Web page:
SHELBY – Inmates at the Crossroads Correctional Center in Shelby have a unique opportunity to give back to the community.
“She tells us all the time that he’s her best friend, and he legitimately is,” Jamie McGraw said.
Jamie is talking about a service dog. A dog that gives her daughter, Katie, confidence to go to school, the grocery store, and even to the high school prom.
“He provides a communication bridge for her that you couldn’t create otherwise. People genuinely love dogs. To have this creature that people want to come over and meet and say hello to, it provides an opportunity for her to communicate with people she just wouldn’t have otherwise. It’s been really powerful.” McGraw said.
Katie has cerebral palsy.
“I also think it makes people less uncomfortable communicating with her. When she is struggling to find her words, I think people communicating with her are more patient and willing to wait for her to find the language,” McGraw said.
But never did Jamie think her daughter’s service dog would be trained by inmates.
“If anyone has ever done anything wrong in their life, we’ve all made mistakes, this is their way of giving back,” correctional counselor Susan Kloss said.
Kloss runs a program called Canine Companions for Independence at the Crossroads Correctional Center in Shelby.
“I am very proud of the inmates that do this job. These guys are a part of the program, they do all the work. They have the loyalty towards it, the dedication and the drive,” Kloss said.
The inmates are chosen through a selective process. They cannot have a sex offense or animal cruelty charge and they must have clean conduct since arriving at the facility. They cannot have any gang affiliation.
“In the correctional environments, it’s a little depressing. You leave your family, you come here. You are limited in what you can do with your actions. These dogs fill that void for them,” Kloss said.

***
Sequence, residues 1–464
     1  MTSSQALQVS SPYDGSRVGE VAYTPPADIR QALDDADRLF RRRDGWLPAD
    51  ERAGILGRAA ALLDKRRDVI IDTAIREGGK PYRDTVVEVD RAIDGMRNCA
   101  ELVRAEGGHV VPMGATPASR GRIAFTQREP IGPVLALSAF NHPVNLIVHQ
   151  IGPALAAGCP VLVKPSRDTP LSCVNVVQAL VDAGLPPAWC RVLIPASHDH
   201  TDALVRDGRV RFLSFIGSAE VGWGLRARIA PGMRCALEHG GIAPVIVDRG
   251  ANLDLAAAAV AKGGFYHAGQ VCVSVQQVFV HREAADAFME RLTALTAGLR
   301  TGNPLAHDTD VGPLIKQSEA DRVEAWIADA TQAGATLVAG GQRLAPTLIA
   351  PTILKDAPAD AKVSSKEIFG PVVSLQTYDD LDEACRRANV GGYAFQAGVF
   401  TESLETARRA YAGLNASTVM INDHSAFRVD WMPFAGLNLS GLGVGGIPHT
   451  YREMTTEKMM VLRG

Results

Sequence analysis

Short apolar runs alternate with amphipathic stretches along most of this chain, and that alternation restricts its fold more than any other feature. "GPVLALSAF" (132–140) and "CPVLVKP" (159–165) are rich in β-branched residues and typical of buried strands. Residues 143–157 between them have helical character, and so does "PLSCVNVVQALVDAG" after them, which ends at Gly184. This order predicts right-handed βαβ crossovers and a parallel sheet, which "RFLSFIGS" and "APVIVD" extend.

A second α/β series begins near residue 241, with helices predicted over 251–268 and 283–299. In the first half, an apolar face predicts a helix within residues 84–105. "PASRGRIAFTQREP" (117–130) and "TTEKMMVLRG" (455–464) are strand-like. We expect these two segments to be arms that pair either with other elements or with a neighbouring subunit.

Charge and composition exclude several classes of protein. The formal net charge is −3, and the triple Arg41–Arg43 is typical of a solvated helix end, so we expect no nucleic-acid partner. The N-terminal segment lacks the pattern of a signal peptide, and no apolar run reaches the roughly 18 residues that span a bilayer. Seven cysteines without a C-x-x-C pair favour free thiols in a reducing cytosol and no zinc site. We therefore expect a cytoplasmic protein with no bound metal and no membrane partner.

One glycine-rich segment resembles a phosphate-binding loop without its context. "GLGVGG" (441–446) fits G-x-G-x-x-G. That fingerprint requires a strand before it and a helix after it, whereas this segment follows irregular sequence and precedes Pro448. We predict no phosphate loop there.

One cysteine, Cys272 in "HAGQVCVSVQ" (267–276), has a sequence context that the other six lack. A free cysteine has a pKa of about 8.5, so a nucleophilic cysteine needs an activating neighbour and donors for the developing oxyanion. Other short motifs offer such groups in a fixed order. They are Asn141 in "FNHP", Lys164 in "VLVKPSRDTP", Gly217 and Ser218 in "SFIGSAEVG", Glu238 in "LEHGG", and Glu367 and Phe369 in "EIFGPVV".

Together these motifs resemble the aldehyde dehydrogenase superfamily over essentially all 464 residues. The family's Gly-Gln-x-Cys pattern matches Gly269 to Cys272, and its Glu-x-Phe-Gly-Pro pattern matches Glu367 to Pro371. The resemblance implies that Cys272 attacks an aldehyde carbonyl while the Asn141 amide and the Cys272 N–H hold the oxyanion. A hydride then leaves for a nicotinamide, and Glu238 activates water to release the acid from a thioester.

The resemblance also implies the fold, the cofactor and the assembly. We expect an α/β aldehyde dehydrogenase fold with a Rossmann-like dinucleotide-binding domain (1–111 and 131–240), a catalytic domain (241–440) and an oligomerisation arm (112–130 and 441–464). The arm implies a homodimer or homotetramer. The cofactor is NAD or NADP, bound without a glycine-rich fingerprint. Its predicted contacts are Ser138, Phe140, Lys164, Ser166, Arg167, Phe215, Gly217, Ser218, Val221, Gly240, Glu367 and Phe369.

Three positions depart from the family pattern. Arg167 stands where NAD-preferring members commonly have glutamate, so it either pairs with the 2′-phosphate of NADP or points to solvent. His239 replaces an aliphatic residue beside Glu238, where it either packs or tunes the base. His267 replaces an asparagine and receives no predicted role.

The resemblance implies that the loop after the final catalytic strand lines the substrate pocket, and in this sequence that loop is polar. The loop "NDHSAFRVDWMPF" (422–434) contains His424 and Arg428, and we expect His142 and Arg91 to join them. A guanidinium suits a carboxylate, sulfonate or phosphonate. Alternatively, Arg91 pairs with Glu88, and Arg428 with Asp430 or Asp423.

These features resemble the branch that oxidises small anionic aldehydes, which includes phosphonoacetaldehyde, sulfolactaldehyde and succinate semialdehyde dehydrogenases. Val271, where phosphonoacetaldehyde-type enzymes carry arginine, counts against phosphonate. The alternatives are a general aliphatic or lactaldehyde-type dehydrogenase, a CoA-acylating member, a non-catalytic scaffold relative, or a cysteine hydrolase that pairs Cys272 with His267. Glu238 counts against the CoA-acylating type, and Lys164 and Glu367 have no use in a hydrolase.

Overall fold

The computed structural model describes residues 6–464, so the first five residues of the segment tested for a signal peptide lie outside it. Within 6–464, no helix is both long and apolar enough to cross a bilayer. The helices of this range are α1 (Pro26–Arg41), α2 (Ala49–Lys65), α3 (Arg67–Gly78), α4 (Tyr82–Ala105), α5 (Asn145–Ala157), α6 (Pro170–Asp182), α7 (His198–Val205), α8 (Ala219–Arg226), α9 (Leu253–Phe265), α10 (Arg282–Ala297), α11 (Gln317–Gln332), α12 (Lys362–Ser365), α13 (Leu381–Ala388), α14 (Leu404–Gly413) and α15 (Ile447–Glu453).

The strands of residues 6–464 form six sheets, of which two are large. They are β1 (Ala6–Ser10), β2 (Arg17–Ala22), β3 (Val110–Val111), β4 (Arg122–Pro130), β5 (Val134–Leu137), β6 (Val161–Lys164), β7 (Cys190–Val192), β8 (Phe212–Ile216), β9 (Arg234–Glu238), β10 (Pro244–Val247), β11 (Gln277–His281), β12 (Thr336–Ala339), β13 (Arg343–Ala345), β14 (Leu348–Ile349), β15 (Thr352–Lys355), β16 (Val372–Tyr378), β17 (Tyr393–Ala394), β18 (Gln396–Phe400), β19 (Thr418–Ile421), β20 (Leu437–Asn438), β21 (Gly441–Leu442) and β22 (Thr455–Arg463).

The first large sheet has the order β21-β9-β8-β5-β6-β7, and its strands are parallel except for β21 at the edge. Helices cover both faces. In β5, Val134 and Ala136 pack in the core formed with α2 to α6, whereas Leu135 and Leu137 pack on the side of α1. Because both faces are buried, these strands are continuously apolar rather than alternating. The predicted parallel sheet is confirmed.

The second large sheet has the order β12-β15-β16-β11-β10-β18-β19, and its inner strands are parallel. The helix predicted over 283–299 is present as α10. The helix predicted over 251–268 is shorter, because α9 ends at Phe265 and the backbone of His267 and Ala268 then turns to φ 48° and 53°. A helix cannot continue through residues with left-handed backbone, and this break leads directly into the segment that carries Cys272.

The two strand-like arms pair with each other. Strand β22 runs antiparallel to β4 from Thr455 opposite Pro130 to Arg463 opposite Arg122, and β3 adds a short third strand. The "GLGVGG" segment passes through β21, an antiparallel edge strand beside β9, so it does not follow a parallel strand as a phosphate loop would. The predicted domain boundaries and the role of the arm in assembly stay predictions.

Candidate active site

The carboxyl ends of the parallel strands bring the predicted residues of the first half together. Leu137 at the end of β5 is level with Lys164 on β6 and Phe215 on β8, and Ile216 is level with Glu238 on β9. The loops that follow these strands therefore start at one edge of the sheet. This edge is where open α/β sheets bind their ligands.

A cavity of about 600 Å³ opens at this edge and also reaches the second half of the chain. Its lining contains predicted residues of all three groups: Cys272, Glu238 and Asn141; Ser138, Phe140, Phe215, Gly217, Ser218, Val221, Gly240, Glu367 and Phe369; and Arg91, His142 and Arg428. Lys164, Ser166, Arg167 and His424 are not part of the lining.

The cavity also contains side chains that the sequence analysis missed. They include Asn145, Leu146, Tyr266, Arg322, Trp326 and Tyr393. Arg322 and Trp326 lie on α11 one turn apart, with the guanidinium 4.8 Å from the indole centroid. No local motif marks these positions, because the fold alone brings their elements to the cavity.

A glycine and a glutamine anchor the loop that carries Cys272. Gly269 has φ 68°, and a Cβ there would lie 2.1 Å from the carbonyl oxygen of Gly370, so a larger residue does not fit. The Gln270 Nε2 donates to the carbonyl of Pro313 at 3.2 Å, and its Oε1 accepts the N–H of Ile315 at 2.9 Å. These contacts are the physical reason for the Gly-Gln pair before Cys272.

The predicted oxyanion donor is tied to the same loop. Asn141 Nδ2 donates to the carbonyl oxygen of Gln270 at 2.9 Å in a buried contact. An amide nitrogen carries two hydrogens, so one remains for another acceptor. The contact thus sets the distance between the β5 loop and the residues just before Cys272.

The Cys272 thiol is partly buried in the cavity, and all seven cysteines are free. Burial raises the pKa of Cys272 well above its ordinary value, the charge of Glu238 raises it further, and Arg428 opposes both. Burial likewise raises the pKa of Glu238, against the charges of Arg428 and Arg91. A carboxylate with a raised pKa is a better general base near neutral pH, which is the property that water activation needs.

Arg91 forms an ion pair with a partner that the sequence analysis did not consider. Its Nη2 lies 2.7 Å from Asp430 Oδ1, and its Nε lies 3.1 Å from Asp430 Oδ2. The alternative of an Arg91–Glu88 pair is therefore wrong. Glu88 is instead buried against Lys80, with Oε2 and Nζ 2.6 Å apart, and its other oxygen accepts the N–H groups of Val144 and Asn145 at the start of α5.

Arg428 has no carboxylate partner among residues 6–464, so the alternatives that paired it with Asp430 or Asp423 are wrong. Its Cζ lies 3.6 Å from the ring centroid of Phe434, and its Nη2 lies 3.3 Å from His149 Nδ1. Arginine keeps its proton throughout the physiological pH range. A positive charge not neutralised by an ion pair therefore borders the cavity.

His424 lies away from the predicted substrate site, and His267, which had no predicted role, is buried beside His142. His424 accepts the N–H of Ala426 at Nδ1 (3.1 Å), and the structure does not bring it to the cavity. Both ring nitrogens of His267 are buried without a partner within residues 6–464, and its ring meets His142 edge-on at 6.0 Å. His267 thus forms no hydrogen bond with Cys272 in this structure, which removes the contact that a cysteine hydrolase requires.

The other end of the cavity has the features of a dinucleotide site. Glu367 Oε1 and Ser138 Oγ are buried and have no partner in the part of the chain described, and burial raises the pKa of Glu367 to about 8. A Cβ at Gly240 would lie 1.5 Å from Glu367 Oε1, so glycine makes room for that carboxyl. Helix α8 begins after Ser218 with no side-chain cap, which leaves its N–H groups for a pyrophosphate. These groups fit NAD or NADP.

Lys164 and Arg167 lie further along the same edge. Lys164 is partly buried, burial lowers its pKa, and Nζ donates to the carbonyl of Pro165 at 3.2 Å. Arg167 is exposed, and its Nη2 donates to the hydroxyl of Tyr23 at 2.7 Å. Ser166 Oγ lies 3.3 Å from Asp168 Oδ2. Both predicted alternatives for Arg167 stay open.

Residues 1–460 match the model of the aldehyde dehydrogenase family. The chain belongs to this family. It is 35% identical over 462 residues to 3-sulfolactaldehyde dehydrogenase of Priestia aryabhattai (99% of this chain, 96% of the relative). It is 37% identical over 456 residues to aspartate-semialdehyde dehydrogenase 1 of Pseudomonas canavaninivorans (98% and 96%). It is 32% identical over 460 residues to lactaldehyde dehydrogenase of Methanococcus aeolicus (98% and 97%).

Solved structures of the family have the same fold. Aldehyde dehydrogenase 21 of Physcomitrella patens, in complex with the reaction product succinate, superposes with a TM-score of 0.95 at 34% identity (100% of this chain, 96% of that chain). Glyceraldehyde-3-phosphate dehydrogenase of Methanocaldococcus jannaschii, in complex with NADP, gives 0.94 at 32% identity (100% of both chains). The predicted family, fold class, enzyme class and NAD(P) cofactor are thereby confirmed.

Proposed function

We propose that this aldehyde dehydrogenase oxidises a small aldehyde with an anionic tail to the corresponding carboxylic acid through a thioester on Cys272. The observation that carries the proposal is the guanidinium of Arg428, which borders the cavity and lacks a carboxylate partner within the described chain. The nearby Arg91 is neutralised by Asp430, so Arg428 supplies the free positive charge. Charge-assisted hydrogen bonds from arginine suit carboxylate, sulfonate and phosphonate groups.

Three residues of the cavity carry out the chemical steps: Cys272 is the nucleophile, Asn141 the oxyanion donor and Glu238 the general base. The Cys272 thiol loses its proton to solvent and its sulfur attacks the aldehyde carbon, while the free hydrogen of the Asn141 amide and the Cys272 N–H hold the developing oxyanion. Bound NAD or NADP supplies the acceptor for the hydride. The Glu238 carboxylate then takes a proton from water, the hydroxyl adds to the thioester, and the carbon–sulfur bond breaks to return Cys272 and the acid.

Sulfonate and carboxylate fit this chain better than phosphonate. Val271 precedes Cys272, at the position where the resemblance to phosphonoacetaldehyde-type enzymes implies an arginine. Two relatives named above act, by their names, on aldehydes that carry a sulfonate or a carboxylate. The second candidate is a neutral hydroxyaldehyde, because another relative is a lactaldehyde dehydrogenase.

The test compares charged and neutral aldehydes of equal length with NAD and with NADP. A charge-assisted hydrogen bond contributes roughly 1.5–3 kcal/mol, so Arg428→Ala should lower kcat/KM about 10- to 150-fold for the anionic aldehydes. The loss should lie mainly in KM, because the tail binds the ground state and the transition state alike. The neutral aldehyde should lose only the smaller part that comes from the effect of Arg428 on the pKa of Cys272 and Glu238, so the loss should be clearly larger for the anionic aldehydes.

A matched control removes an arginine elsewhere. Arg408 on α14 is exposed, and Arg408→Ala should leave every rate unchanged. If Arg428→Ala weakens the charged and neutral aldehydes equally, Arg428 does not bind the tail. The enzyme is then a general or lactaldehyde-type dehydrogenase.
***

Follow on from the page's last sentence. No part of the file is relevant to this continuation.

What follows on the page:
The dogs are brought to the prison when they are eight weeks old and live in-house with the inmates until they are a year old.
Throughout the year, the dogs can learn up to 40 commands. “These dogs don’t do tricks, they are doing a job,” Kloss said.
The inmates make $2.25 a day for raising the pups, but Kloss said they don’t do it for the money.
“The pay in prison as you could imagine is not great. The inmates don’t do it for the pay, but it’s one of the better paying jobs,” Kloss said.
The dogs will go on to do one of four things: be a service dog for an adult with disabilities or a vet with PTSD; be a service dog for a child with a disability; a facility dog who serves in hospitals or a criminal justice dog in a courtroom; and finally they can be a hearing dog.
Gary Heavygun was sentenced to life in prison for murder.
“My crime wasn’t something that I’m proud of, but raising Jorge makes me feel that I’m giving something back for something that I’ve taken,” Heavygun said.
He is raising his fourth dog. “He brightens my day. He’s pretty much my buddy. Me and him go through the day together, go through commands. We do a lot together. We don’t go to chow together. He is pretty much the highlight of my day.”
He added having a companion in prison is life changing, “it’s a privilege to have a dog and knowing that I’m giving back to the community by raising Jorge, that’s kind of the key thing,” Heavygun said.
Inmate Richard Reinert, who is also serving a life sentence for murder, agrees.
“Prison is not an easy place to live, but with these dogs, it kind of breaks the barrier between you and everyone else,” Reinert said.
“I’ve got 105 until I discharge. I think I see the board in 2047. I don’t know it’s a ways off,” he added.
The Crossroads Correctional Center has a 79% success rate for the Canine Companions for Independence program.
“The people that are raising dogs in that facility, they are giving them 100 percent of their time and attention,” McGraw said.
Once the dogs complete the program in prison, they go off to advance training in California.
Eventually, the dogs will graduate and a ceremonial leash handoff is done, which the inmates watch via video conference.
“It’s not uncommon for us to shed a couple tears, of course quietly in our house, but we’re definitely proud,” Reinert said.
“It’s probably the best thing from getting parole is probably knowing that they graduated,” Heavygun said.
“When you go through a graduation with a dog that comes from the prison, they televise it. I just think that’s really powerful. They can’t be there to hand over the leash,” McGraw said.
“To do that for somebody that you’ve never met is really an ultimate act of unconditional love. I think that’s powerful. It doesn’t matter to me who’s raising them. Someone who is willing to do that for another human being, I say thank you,” McGraw said.
The Crossroads Correctional Center is just one of seven prisons across the country volunteering for the program.
-Elizabeth Transue reporting for MTN News